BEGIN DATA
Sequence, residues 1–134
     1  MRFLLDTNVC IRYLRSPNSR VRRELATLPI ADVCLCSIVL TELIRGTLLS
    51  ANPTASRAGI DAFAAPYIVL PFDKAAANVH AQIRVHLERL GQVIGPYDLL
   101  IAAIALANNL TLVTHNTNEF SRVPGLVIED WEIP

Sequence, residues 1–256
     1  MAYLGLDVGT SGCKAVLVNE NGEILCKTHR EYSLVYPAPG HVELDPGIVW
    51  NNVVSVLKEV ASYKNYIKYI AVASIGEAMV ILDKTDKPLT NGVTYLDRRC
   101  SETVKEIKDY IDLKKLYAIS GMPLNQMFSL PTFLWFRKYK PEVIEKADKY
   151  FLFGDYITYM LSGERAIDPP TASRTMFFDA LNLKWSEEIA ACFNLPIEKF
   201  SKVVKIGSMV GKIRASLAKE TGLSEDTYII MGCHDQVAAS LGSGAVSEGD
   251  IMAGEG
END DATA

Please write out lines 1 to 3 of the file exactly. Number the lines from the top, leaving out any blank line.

Sequence, residues 1–134
     1  MRFLLDTNVC IRYLRSPNSR VRRELATLPI ADVCLCSIVL TELIRGTLLS
    51  ANPTASRAGI DAFAAPYIVL PFDKAAANVH AQIRVHLERL GQVIGPYDLL